Richard Evans is a widely admired historian with a particular interest in twentieth- century Germany. With respect to history’s might-have-beens, he agrees with Thompson and Oakeshott: “In the effort to understand, counterfactuals aren’t any real use at all.” He laments that “fantasizing is now all the rage, and threatens to overwhelm our perceptions of what really happened in the past, pushing aside our attempts to explain it.” He insists that some things are “speculation, not history,” and generally useless—possibly fun, but a distraction from serious business.
To those who enjoy such speculation, Evans will seem a bit of a killjoy, and he seems to be fascinated, perhaps in spite of himself, by the subject. His exploration of counterfactual history is in part a history of the topic. In his account, one of the noteworthy early publications was Louis Geoffrey’s Napoleon and the Conquest of the World, in 1836, which offers a narrative in which Napoleon ultimately conquers China, Japan, and the United States, and is deemed “Ruler of the World.” Geoffrey much admired Napoleon, and as the example suggests, much writing in this vein tends to reflect wishful thinking (and to be self-consciously whimsical).
In 1857, the philosopher Charles Renouvier gave a less-than-felicitous name to this kind of work: Uchronie, which he defined as “a utopia of past time,” in which history is written “not as it was, but as it could have been.” Renouvier himself contributed to the genre. His elaborate counterfactual tale imagined that Marcus Aurelius had been replaced by the Roman general Avidius Cassius, eventually leading to a free peasantry rather than a slave class. Through a number of bizarre twists, the ultimate result was a more secular Europe and a very different form of Christianity, without confessionals, monasteries, or purgatories, but with a firm commitment to science and learning, producing a federation of independent European states. One of Renouvier’s main targets was Catholicism, and in his idealized counterfactual narrative, Catholicism never amounted to much, and so freedom and peace prevailed.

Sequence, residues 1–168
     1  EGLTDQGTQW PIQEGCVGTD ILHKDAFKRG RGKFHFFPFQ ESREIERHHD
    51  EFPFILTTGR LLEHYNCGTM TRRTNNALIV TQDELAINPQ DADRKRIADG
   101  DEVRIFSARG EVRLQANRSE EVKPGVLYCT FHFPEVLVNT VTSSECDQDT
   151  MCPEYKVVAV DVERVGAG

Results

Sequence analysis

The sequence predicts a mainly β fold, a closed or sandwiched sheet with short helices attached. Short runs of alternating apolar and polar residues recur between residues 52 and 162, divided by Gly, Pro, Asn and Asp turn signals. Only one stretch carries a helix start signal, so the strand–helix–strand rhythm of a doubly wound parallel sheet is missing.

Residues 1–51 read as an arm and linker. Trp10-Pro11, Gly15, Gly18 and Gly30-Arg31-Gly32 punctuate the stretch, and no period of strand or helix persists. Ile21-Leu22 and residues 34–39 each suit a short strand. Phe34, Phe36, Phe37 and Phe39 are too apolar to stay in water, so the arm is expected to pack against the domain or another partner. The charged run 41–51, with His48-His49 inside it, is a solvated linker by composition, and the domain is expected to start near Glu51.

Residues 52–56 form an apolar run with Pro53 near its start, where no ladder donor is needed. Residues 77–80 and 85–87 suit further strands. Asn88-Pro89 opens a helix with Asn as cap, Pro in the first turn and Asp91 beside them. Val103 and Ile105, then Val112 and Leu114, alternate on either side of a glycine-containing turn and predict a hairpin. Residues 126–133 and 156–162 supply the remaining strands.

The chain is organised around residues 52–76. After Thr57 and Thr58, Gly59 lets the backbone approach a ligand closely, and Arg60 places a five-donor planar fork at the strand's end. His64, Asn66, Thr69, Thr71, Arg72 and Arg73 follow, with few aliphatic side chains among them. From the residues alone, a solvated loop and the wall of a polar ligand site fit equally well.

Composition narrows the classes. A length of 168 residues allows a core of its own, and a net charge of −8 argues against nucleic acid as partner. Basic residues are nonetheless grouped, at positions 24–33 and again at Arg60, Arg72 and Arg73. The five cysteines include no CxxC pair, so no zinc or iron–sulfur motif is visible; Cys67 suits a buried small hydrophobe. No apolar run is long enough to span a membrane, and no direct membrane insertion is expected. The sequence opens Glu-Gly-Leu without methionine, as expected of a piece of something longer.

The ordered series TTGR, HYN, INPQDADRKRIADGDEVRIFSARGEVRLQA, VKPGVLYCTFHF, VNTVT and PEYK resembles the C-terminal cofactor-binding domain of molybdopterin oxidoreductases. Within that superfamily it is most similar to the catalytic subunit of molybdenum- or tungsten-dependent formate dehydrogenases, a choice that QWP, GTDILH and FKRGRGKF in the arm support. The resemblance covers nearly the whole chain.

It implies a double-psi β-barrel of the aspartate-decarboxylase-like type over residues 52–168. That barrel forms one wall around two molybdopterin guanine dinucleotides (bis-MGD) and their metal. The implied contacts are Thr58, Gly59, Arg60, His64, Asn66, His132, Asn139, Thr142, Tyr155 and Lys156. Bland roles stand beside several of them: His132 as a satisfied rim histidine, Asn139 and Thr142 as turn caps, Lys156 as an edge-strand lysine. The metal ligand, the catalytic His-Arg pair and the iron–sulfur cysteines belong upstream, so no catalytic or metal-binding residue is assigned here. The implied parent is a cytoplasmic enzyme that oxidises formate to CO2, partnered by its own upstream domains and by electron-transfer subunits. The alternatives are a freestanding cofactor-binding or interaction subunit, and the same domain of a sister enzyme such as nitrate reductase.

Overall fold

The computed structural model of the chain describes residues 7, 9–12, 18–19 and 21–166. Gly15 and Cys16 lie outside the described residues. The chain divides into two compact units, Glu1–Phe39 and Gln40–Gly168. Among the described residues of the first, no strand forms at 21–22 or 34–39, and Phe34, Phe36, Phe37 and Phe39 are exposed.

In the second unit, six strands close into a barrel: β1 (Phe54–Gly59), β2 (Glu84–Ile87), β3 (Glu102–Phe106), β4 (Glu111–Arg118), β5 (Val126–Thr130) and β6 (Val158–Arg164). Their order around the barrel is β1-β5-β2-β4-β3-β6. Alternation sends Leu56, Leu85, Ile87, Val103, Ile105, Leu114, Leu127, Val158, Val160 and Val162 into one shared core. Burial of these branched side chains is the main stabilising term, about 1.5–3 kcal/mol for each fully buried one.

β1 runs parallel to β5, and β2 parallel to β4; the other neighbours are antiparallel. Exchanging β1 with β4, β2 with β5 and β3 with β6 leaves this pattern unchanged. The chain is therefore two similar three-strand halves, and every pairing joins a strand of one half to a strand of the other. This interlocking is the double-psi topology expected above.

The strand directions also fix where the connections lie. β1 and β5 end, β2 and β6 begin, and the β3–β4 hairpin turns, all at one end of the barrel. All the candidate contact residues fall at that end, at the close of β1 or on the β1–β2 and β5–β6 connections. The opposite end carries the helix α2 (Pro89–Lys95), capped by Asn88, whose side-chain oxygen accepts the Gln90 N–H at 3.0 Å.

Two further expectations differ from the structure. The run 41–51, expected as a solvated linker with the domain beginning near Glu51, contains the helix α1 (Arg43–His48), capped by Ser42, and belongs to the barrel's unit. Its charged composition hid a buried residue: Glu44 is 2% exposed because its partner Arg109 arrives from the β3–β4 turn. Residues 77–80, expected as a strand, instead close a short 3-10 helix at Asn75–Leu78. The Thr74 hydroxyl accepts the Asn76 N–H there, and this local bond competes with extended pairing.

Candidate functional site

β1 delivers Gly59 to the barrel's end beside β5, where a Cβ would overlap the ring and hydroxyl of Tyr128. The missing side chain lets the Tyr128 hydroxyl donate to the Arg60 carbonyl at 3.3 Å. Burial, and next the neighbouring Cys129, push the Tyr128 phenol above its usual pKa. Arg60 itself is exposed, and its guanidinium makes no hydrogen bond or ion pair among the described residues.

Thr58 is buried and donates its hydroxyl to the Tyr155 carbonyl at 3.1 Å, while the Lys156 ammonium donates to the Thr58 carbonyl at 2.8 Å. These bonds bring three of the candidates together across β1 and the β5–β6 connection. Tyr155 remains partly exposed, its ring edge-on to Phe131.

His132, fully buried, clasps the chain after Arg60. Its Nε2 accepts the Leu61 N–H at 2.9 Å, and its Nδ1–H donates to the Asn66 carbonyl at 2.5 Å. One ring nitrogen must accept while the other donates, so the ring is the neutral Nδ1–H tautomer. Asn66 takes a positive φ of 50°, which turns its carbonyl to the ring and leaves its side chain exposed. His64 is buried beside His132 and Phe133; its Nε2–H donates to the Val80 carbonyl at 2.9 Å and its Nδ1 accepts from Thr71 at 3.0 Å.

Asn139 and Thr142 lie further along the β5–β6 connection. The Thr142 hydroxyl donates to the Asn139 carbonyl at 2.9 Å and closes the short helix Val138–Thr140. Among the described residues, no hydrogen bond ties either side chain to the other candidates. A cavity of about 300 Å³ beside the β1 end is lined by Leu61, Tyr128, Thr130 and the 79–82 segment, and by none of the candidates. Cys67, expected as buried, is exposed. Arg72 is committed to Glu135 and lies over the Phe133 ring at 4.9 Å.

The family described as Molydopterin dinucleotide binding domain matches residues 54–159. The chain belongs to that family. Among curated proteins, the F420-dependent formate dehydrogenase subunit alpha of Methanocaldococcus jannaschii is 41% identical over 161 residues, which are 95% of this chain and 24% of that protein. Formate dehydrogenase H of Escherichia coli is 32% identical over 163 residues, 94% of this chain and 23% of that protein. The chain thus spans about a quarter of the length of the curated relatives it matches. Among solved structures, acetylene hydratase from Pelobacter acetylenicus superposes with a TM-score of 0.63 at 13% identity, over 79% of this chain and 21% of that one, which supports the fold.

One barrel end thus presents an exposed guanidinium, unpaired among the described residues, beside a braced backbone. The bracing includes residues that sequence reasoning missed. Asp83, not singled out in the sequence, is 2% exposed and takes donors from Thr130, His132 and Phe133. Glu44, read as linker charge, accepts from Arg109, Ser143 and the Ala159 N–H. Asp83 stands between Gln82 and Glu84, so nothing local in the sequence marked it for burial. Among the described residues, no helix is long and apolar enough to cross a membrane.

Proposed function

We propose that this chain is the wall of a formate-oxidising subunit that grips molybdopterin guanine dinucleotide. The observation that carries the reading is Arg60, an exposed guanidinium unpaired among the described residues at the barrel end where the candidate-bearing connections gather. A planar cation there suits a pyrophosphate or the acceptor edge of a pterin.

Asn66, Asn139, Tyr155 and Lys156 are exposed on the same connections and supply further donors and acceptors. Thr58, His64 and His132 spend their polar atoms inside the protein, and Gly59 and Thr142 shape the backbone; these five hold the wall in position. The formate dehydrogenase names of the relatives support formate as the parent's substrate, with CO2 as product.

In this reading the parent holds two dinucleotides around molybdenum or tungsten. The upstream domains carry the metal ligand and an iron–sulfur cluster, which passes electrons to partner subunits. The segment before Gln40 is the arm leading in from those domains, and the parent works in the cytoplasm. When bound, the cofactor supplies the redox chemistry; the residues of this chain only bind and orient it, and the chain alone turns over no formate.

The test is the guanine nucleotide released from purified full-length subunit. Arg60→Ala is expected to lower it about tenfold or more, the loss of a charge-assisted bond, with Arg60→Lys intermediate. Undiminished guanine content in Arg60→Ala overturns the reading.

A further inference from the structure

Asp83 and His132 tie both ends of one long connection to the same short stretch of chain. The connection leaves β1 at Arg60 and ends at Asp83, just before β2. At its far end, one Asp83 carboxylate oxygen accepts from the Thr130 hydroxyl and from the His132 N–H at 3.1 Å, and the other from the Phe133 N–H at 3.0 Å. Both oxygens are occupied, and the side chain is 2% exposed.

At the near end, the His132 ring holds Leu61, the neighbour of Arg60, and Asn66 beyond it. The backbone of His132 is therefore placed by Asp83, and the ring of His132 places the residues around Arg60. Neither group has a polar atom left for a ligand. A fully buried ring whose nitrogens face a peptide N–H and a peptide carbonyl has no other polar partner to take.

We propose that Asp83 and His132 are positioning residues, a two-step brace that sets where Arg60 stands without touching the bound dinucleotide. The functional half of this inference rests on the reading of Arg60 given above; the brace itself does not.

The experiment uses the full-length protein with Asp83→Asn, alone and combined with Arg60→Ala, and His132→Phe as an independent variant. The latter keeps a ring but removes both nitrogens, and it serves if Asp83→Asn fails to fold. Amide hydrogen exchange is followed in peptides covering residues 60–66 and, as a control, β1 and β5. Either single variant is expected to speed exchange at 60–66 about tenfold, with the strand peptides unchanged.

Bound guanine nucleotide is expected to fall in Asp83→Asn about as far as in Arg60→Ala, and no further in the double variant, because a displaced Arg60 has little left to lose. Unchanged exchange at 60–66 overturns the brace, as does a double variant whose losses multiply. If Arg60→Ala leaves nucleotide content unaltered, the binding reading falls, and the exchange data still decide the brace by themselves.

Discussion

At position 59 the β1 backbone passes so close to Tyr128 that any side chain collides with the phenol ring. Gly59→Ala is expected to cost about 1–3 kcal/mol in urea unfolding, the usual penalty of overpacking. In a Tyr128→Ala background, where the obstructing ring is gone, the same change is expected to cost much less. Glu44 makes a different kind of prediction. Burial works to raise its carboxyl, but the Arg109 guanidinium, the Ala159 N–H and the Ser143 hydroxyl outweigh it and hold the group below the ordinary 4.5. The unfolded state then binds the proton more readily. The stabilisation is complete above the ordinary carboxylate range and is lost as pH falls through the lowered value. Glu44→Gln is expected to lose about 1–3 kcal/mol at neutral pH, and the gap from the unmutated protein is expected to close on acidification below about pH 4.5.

Evans is particularly interested in the 1960s and 1970s, when historians produced a series of counterfactual narratives in their areas of specialization. William Shirer, author of the best- seller The Rise and Fall of the Third Reich, wrote a short essay called “If Hitler Had Won World War II.” Concerned that people might start to forget what Nazism actually was, Shirer depicted a world in which Hitler succeeded in conquering the United States (and brought about a Holocaust for American Jews). Geoffrey Parker, the British historian, explored what might have happened if the Spanish Armada had successfully landed in England in 1588. In Parker’s telling, Philip II of Spain would have conquered the British isles, restored Catholicism, and ultimately established Spanish rule in North America. In 1972, Barbara Tuchman published an essay in Foreign Affairs imagining that Mao Zedong and Zhou Enlai had asked, in 1945, to meet with Franklin Delano Roosevelt at the White House. Tuchman speculated that the United States might have been convinced not to support the Nationalists, that Mao might not have regarded the United States as China’s enemy, and that the result could have been to avoid the wars in both Korea and Vietnam.
Evans insists that such works are frivolous and whimsical, and not worth taking seriously. “Historians have always considered it their first task to find out what did happen, not to imagine what might have happened.” In his account, historians must follow the rules of evidence, and in exploring what might have happened “there is little or no evidence to which those rules can be applied.” In Evans’s telling, historians are rightly “suspicious of speculation,” and so they respond to counterfactual history with either hostility or indifference.